A Small Fix with Big Reward

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A provision of the Inflation Reduction Act (IRA) that could impact the discovery of new small molecule medicines needs to be fixed. The bipartisan Ensuring Pathways to Innovative Cures (EPIC) Act is just the law to accomplish this important fix. I don’t think the original authors of the IRA fully understood the long-term implications of this part of the IRA. First, a little background.

Small molecule drugs are organic compounds that are combined together in a pill that can interact with our body to combat multiple diseases, infections, etc. They are different from large molecule biologics which are grown in complicated manufacturing processes and are usually injected. While small molecule drugs have been around for a long time, scientific break throughs continue now and will continue as long as a fertile environment for innovation for these types of drugs is maintained.

The IRA subjects small-molecule drugs to price setting nine years after approval by the Food and Drug Administration (FDA), suppressing innovation especially for behavioral health, cancer and rare diseases where treatments tend to be small molecule-based and oftentimes more convenient to patients. Congress must pass the EPIC ACT to bring parity to small molecule drugs by giving them the same 13 years as biologics before being subject to price controls. 

Passage of the EPIC Act would also fix a disincentive the IRA created for continued innovation after approval. After a drug is approved by the FDA and begins being used in our healthcare system, innovation has historically continued, whether through improvements in understanding more about different dosages for different patients or the discovery of other ways and new indications that the drug may treat. This is a common occurrence. 61% of small molecule cancer medicines were awarded at least one post-approval indication. It often takes six or seven years for these improvements or the identification of new indications to be discovered. The drug manufacturer is not going to continue these studies or spend time and resources identifying new indications with such a short time before drugs are subjected to price controls.

Another thing to consider goes back to the reason proponents of the IRA price setting provisions often cited: that some patients will not be able to access the prescription drugs they need due to high costs. However, small molecule drugs are historically less expensive, and patients are more likely to use them and adhere to the proper dosage than often more expensive biologics. The requirement to travel to a doctor’s office or hospital to receive an injection of a biologic is another barrier that reduces adherence. If access for everyone to new medicines really the goal, then encouraging rather than discouraging innovation in small molecule drugs should be at the top of everyone’s mind.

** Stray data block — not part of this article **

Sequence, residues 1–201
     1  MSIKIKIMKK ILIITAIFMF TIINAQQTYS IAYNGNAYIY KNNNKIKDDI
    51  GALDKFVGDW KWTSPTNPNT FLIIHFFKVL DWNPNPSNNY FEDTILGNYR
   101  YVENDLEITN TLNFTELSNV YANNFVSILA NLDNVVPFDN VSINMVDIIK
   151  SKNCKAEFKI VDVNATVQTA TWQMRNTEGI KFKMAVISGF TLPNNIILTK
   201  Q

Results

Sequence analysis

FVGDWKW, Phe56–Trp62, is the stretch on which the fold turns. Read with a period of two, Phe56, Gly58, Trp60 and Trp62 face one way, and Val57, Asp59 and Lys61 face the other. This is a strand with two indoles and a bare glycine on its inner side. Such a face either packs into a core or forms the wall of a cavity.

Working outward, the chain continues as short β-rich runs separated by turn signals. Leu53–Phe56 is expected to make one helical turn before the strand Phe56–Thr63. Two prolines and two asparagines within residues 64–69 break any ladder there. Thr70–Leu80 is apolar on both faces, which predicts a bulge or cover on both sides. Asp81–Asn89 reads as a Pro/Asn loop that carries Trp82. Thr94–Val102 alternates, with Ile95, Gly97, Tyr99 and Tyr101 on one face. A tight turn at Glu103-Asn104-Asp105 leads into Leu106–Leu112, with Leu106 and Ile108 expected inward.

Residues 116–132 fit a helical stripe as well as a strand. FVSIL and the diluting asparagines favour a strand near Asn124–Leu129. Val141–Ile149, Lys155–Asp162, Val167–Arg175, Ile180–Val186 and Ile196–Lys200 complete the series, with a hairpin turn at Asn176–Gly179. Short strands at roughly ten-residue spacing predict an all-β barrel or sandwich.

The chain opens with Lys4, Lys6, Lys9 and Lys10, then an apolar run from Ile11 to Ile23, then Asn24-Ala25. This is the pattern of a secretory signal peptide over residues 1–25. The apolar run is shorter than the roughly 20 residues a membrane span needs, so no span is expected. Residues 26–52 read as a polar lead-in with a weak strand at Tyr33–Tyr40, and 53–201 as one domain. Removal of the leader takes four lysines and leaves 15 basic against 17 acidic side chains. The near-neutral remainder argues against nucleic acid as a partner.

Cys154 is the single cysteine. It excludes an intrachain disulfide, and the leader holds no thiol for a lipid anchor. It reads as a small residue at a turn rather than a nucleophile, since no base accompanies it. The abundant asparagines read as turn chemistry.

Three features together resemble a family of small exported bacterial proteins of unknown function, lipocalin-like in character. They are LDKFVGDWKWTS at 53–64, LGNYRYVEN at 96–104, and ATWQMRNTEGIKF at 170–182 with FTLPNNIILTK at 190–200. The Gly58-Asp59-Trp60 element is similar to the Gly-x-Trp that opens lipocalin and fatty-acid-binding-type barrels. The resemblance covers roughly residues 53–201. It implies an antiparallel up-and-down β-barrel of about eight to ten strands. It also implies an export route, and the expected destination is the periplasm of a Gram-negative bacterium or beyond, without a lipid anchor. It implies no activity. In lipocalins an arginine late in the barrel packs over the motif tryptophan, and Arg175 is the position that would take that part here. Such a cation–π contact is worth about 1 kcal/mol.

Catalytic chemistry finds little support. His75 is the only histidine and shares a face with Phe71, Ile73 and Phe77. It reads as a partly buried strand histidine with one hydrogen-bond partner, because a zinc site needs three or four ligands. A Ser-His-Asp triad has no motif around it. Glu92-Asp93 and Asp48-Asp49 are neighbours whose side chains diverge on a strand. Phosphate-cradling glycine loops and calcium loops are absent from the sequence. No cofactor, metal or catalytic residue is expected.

But wait – there’s more. The ability of small molecule drugs to easily dissolve and cross some physiological barriers make them important in brain diseases and fighting cancer. Rare diseases will also benefit by the follow-on innovation of small molecule medicines.

One final observation. Decades ago, before the Bayh Dole and the Hatch Waxman Acts (legislation that encouraged private investment in medicine innovation) America was not the scientific leader in discovering new prescription drugs. As a country, we worked to create an environment where the great scientific minds migrated to American companies, and we built the world’s best machine of innovation. It seems that Washington is doing everything it can to destroy this hard built industry. We are at risk of losing our leadership in innovation. In 2015, the U.S. had twice as many patent applications as China, and in 2020 China pulled even with the U.S. Then, in 2022, the number of international patents filed from inventors in China surpassed applications from the U.S. The COVID experience showed what impact our reliance on foreign products and supply lines had on the health of our country. I want my kids and grandkids to have the opportunity to have first access to new innovations.

The EPIC Act is a bipartisan fix to a part of the IRA that I think was shortsighted and maybe even unintentional. It is hard, in these polarized times, to get everyone together to right this wrong. But it can, and should, be done. This reelection year is the perfect time to remind your lawmakers what is important to you, the voter. Tell them you want them to put petty differences aside and fix the IRA for the benefit of everyone.

Best, Thair

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